As much as Perry’s heartfelt love for Israel makes him attractive to Republican Jews, it is the other reason he was in Israel at the time – seeking out job creation initiatives, as he has across the globe – that has been the basis of his Jewish support.
“I became intrigued by Rick Perry when I read his book Fed Up! because it was exactly what I was feeling,” Robin Bernstein, who heads Perry’s fundraising in Florida, said in an interview.
“His economic success in Texas is a model for the entire country.”
Texas has managed to weather the recession comparatively well, and the Federal Reserve Bank of Dallas has reported that half of all U.S. jobs created from June 2009 to April 2011 were in Texas.
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The IDF confirms Gaza’s ruling Hamas terror organization planned a massive terror attack on Israel via its tunnel network.
Israel’s holy capital of Jerusalem once more celebrates the election of both an Ashkenazi and Sephardic Chief Rabbi Jewish spiritual guidance in the city.
Visitors from Ebola-stricken West African nations will be required to enter the U.S. from one of only five airports.
The mortar, which hit Israel on Tuesday morning, did not cause any injuries or damage.
After lying in coma for months, 83-year-old Ayatollah Mohammad Reza Mahdavi Kani has died, Iranian media reported Tuesday.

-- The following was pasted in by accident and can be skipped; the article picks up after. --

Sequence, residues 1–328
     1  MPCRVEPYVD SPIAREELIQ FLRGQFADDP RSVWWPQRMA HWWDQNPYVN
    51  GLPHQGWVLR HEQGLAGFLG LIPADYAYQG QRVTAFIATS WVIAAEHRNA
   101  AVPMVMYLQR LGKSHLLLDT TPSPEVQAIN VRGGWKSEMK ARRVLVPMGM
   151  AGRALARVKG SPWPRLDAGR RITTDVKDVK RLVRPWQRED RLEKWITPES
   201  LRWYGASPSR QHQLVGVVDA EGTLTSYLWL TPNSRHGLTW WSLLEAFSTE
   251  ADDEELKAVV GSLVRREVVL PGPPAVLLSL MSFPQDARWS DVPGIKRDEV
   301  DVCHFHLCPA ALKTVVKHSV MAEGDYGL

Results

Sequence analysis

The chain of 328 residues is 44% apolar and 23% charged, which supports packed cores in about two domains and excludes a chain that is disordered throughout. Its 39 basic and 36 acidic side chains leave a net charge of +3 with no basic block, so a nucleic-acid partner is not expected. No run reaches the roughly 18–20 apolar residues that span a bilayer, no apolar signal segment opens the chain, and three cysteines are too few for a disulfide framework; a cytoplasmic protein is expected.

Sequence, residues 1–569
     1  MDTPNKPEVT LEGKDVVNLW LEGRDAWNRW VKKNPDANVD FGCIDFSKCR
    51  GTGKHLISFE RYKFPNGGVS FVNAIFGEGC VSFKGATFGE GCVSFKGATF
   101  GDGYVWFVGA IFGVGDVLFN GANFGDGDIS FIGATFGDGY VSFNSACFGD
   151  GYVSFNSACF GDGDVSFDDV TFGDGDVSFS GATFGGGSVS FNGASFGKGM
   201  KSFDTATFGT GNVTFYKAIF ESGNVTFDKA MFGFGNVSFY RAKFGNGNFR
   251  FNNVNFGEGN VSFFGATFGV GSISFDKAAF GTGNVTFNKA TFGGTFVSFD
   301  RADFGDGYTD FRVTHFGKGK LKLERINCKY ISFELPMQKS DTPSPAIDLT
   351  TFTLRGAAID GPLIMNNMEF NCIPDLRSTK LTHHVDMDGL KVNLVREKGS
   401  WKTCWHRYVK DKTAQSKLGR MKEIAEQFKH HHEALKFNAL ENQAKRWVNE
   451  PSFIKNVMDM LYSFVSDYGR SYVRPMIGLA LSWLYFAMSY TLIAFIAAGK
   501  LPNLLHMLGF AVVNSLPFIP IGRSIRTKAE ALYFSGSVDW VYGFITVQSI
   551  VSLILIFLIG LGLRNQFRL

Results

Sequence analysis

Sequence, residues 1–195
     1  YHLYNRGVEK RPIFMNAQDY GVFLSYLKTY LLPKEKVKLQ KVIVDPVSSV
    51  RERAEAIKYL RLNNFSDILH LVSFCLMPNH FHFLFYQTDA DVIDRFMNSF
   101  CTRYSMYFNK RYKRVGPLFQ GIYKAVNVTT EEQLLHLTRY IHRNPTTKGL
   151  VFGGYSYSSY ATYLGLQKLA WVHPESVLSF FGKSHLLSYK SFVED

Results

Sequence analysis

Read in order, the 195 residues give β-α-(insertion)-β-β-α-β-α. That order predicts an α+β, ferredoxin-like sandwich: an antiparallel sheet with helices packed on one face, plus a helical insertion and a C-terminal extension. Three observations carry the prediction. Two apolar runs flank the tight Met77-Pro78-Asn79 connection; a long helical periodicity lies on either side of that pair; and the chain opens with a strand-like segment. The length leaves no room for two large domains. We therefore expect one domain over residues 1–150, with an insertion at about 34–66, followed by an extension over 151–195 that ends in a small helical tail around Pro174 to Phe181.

A radicalized Canadian convert to Islam rammed soldiers in what may have been an act of terrorism.
PA unity govt chairman Mahmoud Abbas raises the penalty for selling land to a “hostile nation” (Jew).
Israel’s government is recruiting citizens to help combat the Ebola virus epidemic in West Africa.
The Beach Boys aren’t coming to Israel next month…
The Jerusalem Light Rail has finally instituted a ‘zero tolerance’ police towards Arab violence against its trains.
A 2,000 year old stone fragment bearing an official Latin inscription dedicated to the Roman Emperor Hadrian is found in Jerusalem.
The death toll in Syria continues to rack up.
The woman’s father and other ISIS members stoned the woman to death for adultery.
Hamas has created a museum exhibit, currently showing at al-Aqsa University in Khan Younis, Gaza. Hamas is showing off its weapons and propaganda pieces from this past summer’s war, Operation Protective Edge.
It’s not yet clear if Nemmouche was acting on orders and, if so, whether the orders came from ISIS.
The disagreements don’t seem to have gone away, despite a cease-fire that appears to be firmly in place.
“On the Hill and with some people with whom I have spoken who are robust Israel supporters, people are concerned if not angry,” one of the staffers, a Democrat, told JTA
President Obama in an April 25 press conference seemed ready to take a break. “There may come a point at which there just needs to be a pause and both sides need to look at the alternatives,” he said.
Obama himself suggested that a break from the process may be necessary.
But Israel’s stance is not sufficiently consequential to set off a fight between friends, neoconservative scholars said.